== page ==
NASA's planet-discovering Kepler mission suffered a major mechanical failure in May 2013, but thanks to innovative techniques subsequently implemented by astronomers the satellite continues to uncover worlds beyond our solar system (i.e., exoplanets), reports phys.org.
Indeed, Andrew Vanderburg (CfA) and colleagues just published results highlighting a new system found to host five transiting planets, which include: two sub-Neptune sized planets, a Neptune sized planet, a sub-Saturn sized planet, and a Jupiter sized planet.
The team was able to identify the rare suite of five planets in Kepler's extended mission data by developing algorithms that attempt to compensate for the satellite's instability, which resulted from the mechanical failure that occurred in 2013. A member on the team, Martti H. Kristiansen, identified the five transits in diagrams subsequently produced by their pipeline. The image below conveys the raw and corrected data, whereupon bona fide transits are readily discernible in the latter.
Vanderburg and colleagues obtained spectra that implies the star hosting the planets (designated HIP 41378) is relatively similar to the Sun, featuring a radius and mass of 1.4 and 1.15 times that of the Sun, respectively. However, the planets in the newly discovered system were found to complete their orbits in a comparatively short time (typically less than 1 year). The shorter orbital periods are often a result of a selection bias that stems from efforts aimed at detecting planetary systems using the transit method, which uncovers planets by identifying the drop in brightness that occurs as an exoplanet passes in front of its host star along our sight-line. Such transits are rare because of the impracticality of monitoring a target host star unceasingly, and because of orientation effects (i.e., a near edge-on perspective is required). The Kepler satellite monitored HIP 41378 for 75 days.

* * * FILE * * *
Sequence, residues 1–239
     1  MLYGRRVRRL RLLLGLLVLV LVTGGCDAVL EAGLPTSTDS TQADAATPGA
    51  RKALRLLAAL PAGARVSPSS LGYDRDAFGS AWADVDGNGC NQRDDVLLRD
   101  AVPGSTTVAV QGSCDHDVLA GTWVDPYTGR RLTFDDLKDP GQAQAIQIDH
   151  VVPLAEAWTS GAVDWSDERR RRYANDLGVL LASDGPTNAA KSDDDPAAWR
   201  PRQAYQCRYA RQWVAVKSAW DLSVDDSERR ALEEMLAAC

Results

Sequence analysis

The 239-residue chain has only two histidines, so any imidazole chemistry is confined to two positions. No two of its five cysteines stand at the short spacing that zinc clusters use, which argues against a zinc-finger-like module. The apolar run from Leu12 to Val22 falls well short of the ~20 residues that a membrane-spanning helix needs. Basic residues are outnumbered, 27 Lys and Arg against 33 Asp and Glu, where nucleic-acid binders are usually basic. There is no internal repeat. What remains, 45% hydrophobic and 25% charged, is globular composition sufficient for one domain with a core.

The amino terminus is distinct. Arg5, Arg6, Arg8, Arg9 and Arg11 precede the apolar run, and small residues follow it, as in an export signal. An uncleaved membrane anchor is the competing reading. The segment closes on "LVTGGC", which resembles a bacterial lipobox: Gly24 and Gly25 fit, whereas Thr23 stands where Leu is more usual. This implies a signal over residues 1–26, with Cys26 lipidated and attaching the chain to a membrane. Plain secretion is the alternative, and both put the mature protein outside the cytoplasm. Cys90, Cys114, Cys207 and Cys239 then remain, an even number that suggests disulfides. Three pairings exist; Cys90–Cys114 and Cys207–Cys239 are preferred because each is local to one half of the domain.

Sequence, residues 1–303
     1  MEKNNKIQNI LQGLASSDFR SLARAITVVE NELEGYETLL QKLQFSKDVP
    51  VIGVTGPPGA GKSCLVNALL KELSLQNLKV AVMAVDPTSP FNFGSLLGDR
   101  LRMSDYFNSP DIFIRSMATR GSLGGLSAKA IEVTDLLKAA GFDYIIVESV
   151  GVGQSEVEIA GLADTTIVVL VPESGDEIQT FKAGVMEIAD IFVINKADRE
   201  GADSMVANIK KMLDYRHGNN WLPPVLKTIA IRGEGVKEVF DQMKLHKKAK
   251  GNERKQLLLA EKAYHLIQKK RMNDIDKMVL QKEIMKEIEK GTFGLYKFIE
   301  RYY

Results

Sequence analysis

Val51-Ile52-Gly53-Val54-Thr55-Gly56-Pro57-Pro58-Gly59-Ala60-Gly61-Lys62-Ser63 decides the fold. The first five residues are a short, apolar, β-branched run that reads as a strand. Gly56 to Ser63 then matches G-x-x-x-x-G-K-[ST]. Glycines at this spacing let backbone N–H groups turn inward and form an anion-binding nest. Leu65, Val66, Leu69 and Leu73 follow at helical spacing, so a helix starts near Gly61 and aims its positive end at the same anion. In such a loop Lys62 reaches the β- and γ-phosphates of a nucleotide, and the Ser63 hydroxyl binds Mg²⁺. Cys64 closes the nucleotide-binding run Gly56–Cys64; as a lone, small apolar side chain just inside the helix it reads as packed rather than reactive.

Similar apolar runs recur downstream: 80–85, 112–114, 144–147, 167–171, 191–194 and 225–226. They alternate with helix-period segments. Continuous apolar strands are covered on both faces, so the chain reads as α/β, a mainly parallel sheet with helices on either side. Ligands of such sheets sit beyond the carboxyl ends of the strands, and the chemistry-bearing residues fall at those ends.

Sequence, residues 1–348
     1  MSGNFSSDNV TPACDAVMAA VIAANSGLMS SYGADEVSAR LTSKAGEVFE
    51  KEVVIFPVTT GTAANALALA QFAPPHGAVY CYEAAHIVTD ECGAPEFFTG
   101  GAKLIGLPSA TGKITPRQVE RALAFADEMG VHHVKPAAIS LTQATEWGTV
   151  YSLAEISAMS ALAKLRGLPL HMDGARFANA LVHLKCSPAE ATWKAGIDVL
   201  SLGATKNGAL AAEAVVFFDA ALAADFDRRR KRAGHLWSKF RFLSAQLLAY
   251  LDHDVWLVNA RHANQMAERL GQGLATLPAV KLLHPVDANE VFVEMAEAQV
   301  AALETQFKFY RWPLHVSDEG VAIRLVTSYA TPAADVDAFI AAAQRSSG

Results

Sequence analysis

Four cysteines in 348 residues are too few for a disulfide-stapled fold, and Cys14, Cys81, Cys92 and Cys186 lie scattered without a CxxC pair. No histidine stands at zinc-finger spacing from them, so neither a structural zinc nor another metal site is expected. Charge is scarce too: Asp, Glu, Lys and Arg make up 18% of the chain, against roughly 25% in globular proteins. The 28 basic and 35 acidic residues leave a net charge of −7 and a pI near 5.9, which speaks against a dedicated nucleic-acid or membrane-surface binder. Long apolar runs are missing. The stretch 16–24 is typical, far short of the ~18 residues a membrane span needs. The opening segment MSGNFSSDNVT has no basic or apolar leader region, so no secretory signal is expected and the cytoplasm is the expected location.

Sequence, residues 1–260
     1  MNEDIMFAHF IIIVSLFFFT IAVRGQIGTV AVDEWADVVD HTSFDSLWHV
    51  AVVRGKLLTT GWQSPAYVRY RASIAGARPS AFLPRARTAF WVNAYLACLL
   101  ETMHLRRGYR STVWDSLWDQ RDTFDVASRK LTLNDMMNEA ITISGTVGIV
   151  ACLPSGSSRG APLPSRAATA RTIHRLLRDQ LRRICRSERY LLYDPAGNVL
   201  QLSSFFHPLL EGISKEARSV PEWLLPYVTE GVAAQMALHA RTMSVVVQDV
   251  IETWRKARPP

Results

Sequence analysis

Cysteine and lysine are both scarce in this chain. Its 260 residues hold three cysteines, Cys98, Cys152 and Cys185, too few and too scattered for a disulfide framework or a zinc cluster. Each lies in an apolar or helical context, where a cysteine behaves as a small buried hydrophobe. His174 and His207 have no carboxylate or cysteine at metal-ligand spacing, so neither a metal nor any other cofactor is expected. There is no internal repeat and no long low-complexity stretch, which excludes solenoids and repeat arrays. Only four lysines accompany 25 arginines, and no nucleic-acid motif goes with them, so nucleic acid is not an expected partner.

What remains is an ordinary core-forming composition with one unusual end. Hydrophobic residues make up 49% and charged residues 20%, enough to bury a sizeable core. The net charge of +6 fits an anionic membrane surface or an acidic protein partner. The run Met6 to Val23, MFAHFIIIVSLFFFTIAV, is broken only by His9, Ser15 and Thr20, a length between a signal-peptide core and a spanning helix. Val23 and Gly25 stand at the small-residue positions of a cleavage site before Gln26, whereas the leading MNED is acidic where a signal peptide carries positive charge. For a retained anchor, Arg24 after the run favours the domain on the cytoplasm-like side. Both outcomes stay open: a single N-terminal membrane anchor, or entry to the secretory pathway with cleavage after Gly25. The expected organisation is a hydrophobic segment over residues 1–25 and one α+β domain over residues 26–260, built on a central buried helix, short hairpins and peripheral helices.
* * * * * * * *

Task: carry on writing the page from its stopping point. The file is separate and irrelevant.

You can read more at: http://phys.org/news/2016-07-planets.html#jCp